“It was jubilation,” Mazraani said. “We were jumping up and down, giving each other high-fives. It was awesome.”
Mazraani dove down to confirm the discovery with pictures. Sonar images provided by the crew show the 250-foot submarine sitting upright and tilted to the starboard side. The images and the general location match that of the sunken German ship.
“She’s totally intact, amazingly,” said Garry Kozak, a specialist in undersea searches who works for a Wareham firm that designs sonar imaging systems.
With only a general idea of where the submarine went down that April day, the crew had to sweep a vast area, making the eventual discovery that much more satisfying.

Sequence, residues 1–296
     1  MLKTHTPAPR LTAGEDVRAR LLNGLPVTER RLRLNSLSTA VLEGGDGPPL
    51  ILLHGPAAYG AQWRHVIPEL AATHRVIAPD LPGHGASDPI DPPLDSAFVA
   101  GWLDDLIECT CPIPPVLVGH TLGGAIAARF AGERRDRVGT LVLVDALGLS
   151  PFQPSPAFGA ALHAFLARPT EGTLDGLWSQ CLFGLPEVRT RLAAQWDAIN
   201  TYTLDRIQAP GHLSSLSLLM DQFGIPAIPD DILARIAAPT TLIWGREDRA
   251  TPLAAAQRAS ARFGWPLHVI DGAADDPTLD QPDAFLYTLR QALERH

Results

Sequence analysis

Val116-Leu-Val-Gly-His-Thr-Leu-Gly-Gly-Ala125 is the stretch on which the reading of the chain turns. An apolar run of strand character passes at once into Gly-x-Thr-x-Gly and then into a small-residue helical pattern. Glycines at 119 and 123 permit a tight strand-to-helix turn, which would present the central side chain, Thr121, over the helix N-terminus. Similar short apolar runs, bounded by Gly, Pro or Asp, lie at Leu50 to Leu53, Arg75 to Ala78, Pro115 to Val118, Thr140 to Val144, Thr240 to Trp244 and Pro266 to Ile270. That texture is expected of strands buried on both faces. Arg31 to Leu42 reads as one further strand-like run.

“The gods were with us,” Kosak said. “It’s fantastic when it pops up on the screen and you know you’ve solved the mystery.”
The crew would not divulge the exact location of the wreck or the depths involved, so that others would not disturb the site. But they said the wreck can be reached by expert divers.
Embarking from the tip of Long Island, the crew traveled for half a day before beginning their search. They had studied naval records in search of clues to the submarine’s whereabouts, but could only narrow the location so much. That, coupled with unpredictable weather conditions, posed a steep challenge.
“The area is very large because of the uncertainty,” Kosak said. “And clearly just getting there is an ordeal.”
Because the submarine had eluded discovery for so long, crew members were beginning to doubt it could be found. As the hours passed, hope dwindled.
“It was really nerve-racking,” Mazraani said. “We were down to our last hour.”